Our Programs:

Stranding network

GRIMMA is part of the Banderas Bay Stranding Network, and we actively collaborate and participate in these events with government authorities and other organizations, including the rescue of live organisms and the collection of data and information that allow us to determine possible causes of the stranding, and deduce possible risks that are in the ecosystem. Also strandings are an important source of biological and ecological information as it gives us the opportunity to closely study many aspects of the life of marine mammals, which may complement to the data we obtain during marine surveys, or that otherwise would not be possible to collect in other conditions.

What is a stranding?

It is when a marine mammal is unable to fend for itself while alive or when it is dragged into shallow water or onto land when it is dead. It can be classified in three types:

  • Single strandings (only one individual, but when a mother strands with its calf it is still counted as a single stranding).
  • Mass strandings (When two or more individuals are stranded).
  • Mass mortality event (This is when many species, included even species of fish, sea turtles and birds, etc. are involved in a single event of stranding or sea die-off, this may not be properly a direct marine mammal stranding, but it is still an event with huge importance to attend and investigate).
Why they strand?

Strandings can occur in two situations: natural or anthropogenic causes.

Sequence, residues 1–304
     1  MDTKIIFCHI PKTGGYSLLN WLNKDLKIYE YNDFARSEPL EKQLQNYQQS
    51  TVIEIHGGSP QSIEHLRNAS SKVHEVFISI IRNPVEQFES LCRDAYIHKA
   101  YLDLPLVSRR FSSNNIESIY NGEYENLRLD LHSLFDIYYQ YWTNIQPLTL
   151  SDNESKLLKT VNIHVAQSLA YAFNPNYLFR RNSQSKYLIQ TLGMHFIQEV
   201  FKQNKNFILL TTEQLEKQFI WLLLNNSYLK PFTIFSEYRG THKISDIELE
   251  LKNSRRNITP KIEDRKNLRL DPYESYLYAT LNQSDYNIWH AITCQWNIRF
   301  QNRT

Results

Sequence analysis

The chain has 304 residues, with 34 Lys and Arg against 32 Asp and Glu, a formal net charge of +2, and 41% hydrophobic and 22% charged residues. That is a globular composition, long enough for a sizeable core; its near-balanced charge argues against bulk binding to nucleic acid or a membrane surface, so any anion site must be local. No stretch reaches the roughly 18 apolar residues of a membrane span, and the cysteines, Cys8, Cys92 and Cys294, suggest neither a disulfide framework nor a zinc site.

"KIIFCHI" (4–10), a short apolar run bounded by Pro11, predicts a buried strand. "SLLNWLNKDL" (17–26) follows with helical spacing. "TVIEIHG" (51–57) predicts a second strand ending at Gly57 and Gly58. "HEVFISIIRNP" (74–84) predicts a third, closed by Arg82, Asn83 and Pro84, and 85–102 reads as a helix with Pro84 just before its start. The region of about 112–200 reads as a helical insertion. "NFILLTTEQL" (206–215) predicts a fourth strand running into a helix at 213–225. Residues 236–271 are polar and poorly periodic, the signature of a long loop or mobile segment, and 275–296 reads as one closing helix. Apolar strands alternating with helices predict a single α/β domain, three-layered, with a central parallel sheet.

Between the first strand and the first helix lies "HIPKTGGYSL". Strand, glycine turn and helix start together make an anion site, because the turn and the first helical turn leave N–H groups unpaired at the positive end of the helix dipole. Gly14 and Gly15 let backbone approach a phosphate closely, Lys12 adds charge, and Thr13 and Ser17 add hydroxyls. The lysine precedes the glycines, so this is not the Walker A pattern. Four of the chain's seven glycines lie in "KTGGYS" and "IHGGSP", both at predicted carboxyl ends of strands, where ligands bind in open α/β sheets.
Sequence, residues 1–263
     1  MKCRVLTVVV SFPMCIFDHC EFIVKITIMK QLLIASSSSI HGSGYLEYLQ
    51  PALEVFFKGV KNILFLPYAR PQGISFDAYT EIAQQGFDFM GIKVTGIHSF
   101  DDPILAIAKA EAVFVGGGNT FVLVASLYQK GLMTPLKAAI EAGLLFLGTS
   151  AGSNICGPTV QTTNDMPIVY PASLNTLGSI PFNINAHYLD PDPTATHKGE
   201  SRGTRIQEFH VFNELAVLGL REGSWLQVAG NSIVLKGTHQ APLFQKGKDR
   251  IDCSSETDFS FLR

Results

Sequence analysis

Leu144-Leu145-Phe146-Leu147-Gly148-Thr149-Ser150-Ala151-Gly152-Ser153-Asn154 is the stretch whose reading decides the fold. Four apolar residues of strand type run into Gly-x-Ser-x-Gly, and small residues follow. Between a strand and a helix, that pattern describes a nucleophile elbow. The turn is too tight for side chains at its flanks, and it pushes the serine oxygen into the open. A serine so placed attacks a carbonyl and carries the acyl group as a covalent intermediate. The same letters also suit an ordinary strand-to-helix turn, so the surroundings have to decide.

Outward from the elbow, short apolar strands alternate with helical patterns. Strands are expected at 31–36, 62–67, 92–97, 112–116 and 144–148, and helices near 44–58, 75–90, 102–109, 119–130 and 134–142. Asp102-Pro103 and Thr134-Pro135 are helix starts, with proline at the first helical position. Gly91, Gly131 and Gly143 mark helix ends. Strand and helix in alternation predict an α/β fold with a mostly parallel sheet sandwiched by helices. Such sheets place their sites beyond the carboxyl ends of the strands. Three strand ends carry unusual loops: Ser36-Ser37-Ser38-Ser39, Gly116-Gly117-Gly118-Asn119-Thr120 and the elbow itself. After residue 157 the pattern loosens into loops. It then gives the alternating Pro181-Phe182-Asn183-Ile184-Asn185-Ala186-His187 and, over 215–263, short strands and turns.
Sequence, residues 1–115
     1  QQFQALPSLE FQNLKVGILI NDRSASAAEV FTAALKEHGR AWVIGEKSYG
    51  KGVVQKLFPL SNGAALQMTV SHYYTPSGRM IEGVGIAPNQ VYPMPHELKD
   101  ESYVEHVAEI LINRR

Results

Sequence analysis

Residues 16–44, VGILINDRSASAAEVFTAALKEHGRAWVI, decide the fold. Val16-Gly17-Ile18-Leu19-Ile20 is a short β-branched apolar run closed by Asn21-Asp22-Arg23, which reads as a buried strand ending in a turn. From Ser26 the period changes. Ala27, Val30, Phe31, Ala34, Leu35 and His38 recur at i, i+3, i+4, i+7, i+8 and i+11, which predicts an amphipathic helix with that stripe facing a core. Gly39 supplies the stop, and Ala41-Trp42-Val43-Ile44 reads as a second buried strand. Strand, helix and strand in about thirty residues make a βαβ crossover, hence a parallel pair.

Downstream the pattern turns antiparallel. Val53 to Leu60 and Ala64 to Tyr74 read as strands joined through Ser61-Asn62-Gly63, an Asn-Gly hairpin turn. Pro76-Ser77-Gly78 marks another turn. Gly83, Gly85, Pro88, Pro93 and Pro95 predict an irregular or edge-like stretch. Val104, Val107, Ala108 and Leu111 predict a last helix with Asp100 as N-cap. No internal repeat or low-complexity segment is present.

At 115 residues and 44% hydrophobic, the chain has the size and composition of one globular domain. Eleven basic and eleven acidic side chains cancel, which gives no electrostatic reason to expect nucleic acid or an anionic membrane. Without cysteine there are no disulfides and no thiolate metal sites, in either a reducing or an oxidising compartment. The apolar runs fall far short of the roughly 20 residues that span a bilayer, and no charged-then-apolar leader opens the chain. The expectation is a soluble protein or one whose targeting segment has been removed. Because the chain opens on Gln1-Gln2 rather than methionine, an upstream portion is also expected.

• Natural causes include: disease, attack from predators, disorientation, old age, etc.
  • Anthropogenic causes include: ship strike, pollution, entanglement, or others associated with direct or indirect human activities.
What to do in case you see a stranding?
  • First Keep yourself and your pets at a good distance from the animal, remember, marine mammals can bite or hit you, and also they may infect you and your pet with possible diseases (or viceversa.
  • Take as many photos (or videos) of the stranded individual(s) in different angles (include if possible dorsal fin, head and total body photos) as you can and also take note of the name of the place you are witnessing the event (if its possible include GPS position).
  • Contact the local authorities as quickly as possible (PROFEPA, LIFE GUARDS, POLICE, call 911) or GRIMMA in our facebook page as an inbox message (, and send the photos or videos you have taken, and the protocol for attending this event will be immediately activated.

Some images of our program